Court frees Serbian journalist held for espionage

NIS, May 15, 2000 -- (Reuters) A Serbian journalist detained by state security earlier this week on suspicion of espionage was released on Friday from a military court's detention center, the independent Beta news agency said.

Miroslav Filipovic, local correspondent for the independent Belgrade newspaper Danas and for the French news agency Agence France Presse, denied any spying.

He was taken from his home in the central town of Kraljevo by plainclothes policemen on Monday.

The officers produced a document saying Filipovic was being detained to prevent him from concealing or destroying evidence in legal proceedings and confiscated his computer hard drive, floppy disks, texts, passport, address book and personal papers.

Belgrade media said on Thursday that he might face espionage charges before the military court in the southern city of Nis.

After his release, Filipovic told reporters outside the military court that he had not been spying.

His lawyer, Goran Draganic, told Beta that military investigative judge Stanimir Radosavljevic told the court he would not launch criminal proceedings against Filipovic within a 48-hour deadline, thus releasing him from custody.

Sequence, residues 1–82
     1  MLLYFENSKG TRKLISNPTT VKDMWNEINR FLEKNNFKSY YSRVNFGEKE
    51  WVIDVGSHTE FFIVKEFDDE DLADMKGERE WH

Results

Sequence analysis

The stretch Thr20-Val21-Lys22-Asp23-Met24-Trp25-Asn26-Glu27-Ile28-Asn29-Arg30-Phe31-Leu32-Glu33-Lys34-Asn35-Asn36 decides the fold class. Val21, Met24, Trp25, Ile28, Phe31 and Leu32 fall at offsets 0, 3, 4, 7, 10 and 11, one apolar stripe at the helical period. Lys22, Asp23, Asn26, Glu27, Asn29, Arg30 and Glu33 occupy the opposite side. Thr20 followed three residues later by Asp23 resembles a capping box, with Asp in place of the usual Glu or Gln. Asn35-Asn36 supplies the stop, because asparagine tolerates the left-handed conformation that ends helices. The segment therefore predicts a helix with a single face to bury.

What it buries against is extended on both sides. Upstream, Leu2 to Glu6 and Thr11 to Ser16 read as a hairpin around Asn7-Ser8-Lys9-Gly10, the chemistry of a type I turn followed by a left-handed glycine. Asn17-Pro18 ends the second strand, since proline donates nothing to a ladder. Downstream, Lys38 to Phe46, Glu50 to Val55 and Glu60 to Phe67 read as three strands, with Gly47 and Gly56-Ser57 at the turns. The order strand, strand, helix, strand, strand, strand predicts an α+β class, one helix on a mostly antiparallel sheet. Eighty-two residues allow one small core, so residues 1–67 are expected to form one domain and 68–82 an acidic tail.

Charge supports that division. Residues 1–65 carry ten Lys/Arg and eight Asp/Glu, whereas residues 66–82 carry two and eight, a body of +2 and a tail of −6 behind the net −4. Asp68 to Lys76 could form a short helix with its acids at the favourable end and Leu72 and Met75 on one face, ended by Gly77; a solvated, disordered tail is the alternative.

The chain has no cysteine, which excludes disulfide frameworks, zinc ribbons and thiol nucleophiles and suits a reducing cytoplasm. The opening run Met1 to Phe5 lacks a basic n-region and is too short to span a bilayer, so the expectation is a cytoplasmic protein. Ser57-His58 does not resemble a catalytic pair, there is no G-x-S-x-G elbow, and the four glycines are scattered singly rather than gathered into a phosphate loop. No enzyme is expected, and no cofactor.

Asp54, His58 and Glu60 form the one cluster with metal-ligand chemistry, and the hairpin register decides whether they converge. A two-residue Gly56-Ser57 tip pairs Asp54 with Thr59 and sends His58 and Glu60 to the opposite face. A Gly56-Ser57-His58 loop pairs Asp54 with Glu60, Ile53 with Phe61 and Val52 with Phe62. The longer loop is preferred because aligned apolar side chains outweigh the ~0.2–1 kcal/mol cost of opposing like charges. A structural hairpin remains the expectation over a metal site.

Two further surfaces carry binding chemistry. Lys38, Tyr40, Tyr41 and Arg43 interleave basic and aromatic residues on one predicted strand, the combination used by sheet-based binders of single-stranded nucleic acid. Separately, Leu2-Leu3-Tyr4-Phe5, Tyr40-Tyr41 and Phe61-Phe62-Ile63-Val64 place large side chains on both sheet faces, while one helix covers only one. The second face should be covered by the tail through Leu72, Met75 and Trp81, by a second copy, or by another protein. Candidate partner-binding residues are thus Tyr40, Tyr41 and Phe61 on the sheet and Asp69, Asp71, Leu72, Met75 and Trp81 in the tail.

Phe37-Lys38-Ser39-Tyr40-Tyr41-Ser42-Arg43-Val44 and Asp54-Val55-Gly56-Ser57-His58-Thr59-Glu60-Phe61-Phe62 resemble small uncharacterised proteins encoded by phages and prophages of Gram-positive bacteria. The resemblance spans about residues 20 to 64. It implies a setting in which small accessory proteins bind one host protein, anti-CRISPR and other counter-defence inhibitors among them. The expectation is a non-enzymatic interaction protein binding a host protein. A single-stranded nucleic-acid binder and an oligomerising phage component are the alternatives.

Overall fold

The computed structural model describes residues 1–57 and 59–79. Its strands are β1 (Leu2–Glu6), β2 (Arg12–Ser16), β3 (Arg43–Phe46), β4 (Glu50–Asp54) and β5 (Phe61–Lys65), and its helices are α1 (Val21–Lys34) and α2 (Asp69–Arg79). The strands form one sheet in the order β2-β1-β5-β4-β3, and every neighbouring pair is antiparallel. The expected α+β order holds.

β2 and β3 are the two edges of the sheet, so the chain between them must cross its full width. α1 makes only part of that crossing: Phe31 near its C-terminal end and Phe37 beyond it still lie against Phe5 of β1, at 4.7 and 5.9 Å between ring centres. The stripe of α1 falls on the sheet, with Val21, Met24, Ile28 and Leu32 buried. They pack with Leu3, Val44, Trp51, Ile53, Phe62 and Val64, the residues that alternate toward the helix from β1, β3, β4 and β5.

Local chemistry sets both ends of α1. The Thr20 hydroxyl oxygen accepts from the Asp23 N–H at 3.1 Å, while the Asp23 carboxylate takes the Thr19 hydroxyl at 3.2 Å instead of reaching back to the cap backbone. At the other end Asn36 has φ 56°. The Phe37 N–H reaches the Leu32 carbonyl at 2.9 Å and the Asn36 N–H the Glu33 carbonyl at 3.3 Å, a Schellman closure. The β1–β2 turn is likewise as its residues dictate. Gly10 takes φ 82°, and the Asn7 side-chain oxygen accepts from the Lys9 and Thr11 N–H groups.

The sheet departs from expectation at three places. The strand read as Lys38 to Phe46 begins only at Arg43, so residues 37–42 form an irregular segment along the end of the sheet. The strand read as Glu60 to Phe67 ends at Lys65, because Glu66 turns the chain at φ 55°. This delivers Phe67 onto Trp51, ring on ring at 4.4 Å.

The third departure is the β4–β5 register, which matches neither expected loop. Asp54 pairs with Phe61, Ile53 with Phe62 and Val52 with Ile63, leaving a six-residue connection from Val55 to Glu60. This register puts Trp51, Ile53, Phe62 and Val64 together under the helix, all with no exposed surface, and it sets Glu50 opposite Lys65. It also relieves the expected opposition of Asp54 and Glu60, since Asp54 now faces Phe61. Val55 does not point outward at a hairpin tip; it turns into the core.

"The actions of the military prosecutor and military court were very correct. The military judicial system proved efficient," Draganic told Beta.

He said the military prosecutor could still press charges against Filipovic. But he added that he hoped the prosecutor would dismiss all charges.

Filipovic also worked for the London-based Institute for War and Peace Reporting (IWPR) and the Helsinki Human Rights Committee.

The IWPR said Filipovic wrote about the Yugoslav security services, police repression in southern Serbia and a Yugoslav Army reservist protest in Kraljevo.

He also looked into atrocities allegedly committed by Yugoslav army soldiers in Kosovo during last year's NATO air strikes, based on soldiers' own accounts, and the plight of Kosovo Serbs who faced reprisals from ethnic Albanians following the withdrawal of Serbian security forces in June last year.

He said he had understood during a hearing in Kraljevo that he was suspected of spying between October and May for the IWPR.

"I reject any possibility that I was spying even without knowing it. If someone wants to spy on you, he will not publish his work under his full name," Filipovic said.

Original article